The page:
Let’s take this one step further … If someone has a bad brand experience, intervention may help. Connecting and engaging with the disenchanted individual may turn a disappointed customer into a happy customer. Furthermore, the socialization might help to eliminate some potential disparaging remarks in the social sphere. On the flip side, when customers are delighted, a little bit of engagement and relationship building could result in producing an advocate and advocacy is the ultimate success of social media.

So I’d like to suggest that strategy, focus, and investment in brand experience are extremely important. Is it that our tough economy has caused some to be so shortsighted and they have forgotten about the relevance and value of brand experience? And needless to say, by the very definition of brand experience, social media is an imperative component. Let’s not mistake brand experience with simple “feel good marketing.” There must be metrics for the social elements of marketing aimed at the brand experience. For a deeper discussion on this, check out my guest blog “Social Media Accountability” coming out this Wednesday (November 9th) on the {grow} Blog.

Brand experience. Are you worried about it? What are you doing with social media to enrich your brand’s experience? Share your thoughts.

Make It Happen!
Social Steve



Filed under brand communication, brand marketing, brand reputation, brands, social media, social media marketing, Social Steve, socialmedia, SocialSteve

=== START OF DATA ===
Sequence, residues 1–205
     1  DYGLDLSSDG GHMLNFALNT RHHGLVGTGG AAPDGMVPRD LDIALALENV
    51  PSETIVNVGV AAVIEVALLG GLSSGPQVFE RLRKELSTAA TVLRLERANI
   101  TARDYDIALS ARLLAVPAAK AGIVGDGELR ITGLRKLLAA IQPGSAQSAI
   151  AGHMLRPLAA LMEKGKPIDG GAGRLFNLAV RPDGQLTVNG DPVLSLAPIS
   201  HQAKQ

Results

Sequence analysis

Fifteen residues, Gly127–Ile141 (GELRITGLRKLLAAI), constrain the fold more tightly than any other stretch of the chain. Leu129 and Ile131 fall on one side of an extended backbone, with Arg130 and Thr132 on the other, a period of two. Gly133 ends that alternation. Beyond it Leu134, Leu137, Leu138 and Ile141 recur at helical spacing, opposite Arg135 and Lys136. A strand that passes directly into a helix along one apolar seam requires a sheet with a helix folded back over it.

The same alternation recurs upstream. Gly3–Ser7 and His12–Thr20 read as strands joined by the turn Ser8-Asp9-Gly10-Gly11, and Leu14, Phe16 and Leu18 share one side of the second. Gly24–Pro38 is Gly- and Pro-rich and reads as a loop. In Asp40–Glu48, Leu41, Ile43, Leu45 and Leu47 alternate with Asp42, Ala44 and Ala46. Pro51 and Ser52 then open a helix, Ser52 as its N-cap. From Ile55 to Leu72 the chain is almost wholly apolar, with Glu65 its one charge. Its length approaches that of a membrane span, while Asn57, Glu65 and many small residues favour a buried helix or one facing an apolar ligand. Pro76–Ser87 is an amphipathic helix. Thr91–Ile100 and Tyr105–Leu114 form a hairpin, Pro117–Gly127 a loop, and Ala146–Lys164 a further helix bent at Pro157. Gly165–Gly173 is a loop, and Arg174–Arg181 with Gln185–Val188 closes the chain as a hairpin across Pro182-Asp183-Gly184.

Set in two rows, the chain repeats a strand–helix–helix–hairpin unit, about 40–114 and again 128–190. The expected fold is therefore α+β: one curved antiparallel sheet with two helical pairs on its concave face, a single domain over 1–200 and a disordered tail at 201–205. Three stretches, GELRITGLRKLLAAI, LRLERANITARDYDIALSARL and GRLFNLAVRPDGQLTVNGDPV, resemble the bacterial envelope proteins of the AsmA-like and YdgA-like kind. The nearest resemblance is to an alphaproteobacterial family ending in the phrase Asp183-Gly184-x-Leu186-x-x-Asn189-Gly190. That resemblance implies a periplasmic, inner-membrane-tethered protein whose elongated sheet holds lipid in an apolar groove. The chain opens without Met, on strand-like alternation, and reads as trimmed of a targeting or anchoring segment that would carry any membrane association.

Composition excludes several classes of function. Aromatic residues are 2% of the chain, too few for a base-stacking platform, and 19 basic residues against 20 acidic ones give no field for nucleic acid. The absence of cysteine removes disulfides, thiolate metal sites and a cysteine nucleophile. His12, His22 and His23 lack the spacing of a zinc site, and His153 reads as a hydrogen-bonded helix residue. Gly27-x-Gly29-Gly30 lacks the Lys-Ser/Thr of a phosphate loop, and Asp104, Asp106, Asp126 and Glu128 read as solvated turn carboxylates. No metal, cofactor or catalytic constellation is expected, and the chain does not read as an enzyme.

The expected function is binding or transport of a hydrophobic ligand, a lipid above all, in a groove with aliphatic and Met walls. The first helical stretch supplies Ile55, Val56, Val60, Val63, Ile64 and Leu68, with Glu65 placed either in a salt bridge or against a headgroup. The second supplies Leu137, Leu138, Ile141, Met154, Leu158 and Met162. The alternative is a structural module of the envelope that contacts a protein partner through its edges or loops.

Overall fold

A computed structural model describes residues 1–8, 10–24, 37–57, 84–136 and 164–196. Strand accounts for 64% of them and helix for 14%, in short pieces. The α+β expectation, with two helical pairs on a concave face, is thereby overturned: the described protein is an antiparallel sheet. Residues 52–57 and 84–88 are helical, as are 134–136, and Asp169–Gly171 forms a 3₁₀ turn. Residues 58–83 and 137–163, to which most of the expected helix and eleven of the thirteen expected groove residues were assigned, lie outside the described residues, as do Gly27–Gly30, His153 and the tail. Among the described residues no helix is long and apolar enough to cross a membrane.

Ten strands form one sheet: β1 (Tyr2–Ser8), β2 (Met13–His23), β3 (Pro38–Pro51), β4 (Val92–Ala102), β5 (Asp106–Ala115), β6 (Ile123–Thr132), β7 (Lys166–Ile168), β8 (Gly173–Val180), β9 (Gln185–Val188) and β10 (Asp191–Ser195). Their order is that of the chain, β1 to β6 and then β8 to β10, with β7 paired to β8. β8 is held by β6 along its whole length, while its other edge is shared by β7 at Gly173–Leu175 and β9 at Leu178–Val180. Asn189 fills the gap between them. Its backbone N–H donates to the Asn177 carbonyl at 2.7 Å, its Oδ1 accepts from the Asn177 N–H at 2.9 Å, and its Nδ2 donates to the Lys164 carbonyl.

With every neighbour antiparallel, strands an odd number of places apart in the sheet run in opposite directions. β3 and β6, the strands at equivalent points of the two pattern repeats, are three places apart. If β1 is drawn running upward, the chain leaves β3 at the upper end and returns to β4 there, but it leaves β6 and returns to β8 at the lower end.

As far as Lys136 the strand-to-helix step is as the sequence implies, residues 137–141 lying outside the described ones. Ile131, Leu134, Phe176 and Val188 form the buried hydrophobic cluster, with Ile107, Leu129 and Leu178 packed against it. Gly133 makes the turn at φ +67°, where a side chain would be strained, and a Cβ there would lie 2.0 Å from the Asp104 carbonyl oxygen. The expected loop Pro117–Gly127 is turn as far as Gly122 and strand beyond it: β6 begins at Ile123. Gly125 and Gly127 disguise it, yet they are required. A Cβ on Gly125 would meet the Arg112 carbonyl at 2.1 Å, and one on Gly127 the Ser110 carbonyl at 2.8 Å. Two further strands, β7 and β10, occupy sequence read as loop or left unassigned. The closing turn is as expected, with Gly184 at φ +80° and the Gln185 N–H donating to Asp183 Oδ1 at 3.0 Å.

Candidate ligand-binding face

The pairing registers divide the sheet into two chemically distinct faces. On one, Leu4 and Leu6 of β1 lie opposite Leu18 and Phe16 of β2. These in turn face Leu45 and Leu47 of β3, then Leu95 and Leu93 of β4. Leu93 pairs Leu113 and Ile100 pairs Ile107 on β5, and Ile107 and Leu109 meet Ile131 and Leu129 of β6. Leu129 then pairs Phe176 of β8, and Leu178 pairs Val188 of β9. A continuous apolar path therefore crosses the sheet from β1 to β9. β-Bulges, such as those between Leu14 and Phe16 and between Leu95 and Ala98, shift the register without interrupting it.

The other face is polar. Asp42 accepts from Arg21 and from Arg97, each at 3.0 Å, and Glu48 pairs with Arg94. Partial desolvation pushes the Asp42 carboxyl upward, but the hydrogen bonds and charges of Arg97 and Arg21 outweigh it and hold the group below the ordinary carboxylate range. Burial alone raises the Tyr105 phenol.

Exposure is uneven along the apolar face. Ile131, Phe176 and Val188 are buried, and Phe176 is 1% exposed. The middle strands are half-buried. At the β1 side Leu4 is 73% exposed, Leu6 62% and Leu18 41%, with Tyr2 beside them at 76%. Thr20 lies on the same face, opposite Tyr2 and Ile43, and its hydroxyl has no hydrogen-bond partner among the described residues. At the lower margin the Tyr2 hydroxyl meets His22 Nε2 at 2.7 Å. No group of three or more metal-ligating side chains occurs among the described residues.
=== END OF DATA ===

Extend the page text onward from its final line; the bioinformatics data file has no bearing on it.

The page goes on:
17 responses to “Whatever Happened to “The Brand Experience” – a Social Perspective

  1. social media and authentic positioning expressions are the new currencies that marketers must adhere to…communications is no longer a one-way street and as such, the concept of brand must be reframed as part of a two-way communications channel. the power “brand” structure associated with the second half of the previous century has had its day and can now accept a more responsive role in the first half of this centry.

    • Agree. Thanks for chiming in. Best, Steve

      • Blake Gray

        I am going to give this blog a try and see if there is value here. Thanks SocialSteve for attempting to get dialogue going on this topic.

        I am reading this blog for the first time, and I do not understand what you are both agreeing to. 1. “Social media and authentic positioning expressions are the new currencies that marketers must adhere to”….. authentic positioning is an old currency. 2. “communications is no longer a one-way street”…. communications by definition is a two-way street. 3. If “Power brand..has had it’s day” how it is supposed to accept a responsive role in the first half of this century.